Greetings! My name is Chon Lee and I have been teaching 8th Grade English at Lincoln Middle School for the past eight years. This summer I was exceptionally blessed to have been selected, alongside seven other teachers from across the United States, to participate in an intense four-week educator abroad program traveling across Cambodia.
The program was sponsored by the U.S. East-West Foundation to study the history, culture, and religion of Cambodia. The program is called “Cambodia: Past and Present” and the main purpose was for us, as teachers and lifelong learners, to study not only Cambodia’s turbulent recent history and politics, but compare and contrast that knowledge with Cambodia’s current social, political, and religious conditions. Our next step is to then synthesize our learning and translate it into our classrooms to help U.S. students to better understand and appreciate the complexities and diversities of our world’s history.
I witnessed the urban decay and decadence of the Phnom Penh capital, saw the lingering effects of French colonialism, visited remote Cambodian orphanages and AIDS hospitals, met and interviewed Khmer Rouge survivors face to face, walked through the eerie devastation of Cheong Euk (a.k.a. “The Killing Fields”), felt the tragedy of Tuol Sleng prison, came to terms with the rampant corruption of society on every social level, and saw the damaging environmental effects of pollution and deep exploitation of natural resources. Still, with all the deprivation, poverty, and obvious corruption, the kindness, dedication, and perseverance of the Cambodian people is extraordinary.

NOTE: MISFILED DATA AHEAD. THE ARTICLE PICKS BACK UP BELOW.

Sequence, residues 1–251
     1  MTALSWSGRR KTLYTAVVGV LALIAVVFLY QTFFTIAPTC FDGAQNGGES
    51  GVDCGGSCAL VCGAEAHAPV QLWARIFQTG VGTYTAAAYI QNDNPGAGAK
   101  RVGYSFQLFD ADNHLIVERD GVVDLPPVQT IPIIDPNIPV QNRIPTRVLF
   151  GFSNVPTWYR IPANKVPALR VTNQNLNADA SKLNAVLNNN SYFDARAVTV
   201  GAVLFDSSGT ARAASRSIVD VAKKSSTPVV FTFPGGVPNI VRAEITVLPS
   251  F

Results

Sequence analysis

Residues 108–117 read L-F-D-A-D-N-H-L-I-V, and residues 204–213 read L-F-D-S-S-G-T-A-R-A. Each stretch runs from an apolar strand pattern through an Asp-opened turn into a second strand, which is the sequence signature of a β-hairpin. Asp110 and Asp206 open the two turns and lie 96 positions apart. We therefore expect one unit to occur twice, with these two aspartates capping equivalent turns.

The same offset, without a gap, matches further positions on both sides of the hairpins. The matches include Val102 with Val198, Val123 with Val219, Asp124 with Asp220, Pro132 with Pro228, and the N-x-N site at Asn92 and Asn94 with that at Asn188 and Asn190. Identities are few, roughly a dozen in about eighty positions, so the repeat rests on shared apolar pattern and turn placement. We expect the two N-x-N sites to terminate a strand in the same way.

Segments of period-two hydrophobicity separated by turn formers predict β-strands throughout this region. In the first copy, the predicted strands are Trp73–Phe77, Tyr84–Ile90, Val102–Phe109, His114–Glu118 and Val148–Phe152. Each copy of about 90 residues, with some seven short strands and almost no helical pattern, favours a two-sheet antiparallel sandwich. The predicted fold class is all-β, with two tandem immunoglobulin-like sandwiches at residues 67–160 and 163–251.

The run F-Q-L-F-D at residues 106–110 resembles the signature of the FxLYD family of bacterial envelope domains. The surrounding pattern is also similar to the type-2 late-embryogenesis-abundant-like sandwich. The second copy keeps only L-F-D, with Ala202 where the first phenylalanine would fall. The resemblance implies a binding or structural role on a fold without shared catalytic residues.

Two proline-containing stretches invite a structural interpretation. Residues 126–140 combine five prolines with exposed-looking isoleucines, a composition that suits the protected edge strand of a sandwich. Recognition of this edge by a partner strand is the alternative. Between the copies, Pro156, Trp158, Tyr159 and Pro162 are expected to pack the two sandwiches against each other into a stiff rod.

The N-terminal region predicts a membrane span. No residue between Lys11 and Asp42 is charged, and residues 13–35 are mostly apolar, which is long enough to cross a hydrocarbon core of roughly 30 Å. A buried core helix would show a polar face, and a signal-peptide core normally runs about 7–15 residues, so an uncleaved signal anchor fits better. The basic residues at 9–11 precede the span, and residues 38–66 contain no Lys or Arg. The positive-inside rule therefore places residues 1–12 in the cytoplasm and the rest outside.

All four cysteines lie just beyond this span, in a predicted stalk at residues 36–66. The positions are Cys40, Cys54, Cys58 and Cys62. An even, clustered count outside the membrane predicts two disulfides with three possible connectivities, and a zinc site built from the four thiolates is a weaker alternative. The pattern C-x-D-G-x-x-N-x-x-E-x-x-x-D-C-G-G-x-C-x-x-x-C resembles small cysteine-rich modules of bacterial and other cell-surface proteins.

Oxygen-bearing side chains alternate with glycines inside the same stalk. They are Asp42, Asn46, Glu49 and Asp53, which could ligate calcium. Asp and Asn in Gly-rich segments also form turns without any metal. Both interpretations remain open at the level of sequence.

Being able to tour public and private schools while extensively interviewing students and talking with university professors and lecturers was very encouraging. Cambodians value is education, however, equal access to education still remains a monumental problem.
One of the most impactful and authentic experiences on our journey was the chance to live with a host family for an entire week in a remote village near Oudong Mountain near the Tonle Sap River. My host family had 10 children (nine girls and one boy), and the most memorable moments of my trip were experiencing simple, daily village life with my host family members. Struggling with communication and language barriers, going to temples and pagodas, helping with the collection of rice in the paddy fields, pumping water out from the well, playing soccer with the local boys, learning basic Khmer vocabulary, and teaching English at the local school were all daily activities that I came to appreciate and enjoy.
Another unforgettable experience was living and practicing Buddhist meditation, religion, and philosophy with Cambodian Buddhist monks for an entire week at a monastery called Wat Damnak, located in the city of Siem Reap near the majestic wonder of the world, Angkor Wat. We would wake up and start every day at 3:30 a.m. to begin our chanting rituals, go collect alms (food donations) in the neighborhood, clean the temple grounds, go to school in the morning, have lunch, listen to dharma talks, go to school in the afternoon, help teach English to the monks, complete our early evening chanting ritual, listen to more dharma talks, and then go to bed. I think I came away a more understanding, compassionate person and just a better observer of life in general.
Ultimately, I can genuinely say that this voyage has helped expand my appreciation for diverse cultures, and I know I have learned so much to share for my own classroom and colleagues at Lincoln Middle School. Honestly though, I am still haunted by two essential questions: How can the Cambodian government help narrow the gap of the indifferent rich and absolute poor? Also, will the UN- sponsored tribunal trials of the former Khmer Rouge leaders help bring any closure for the Cambodian people?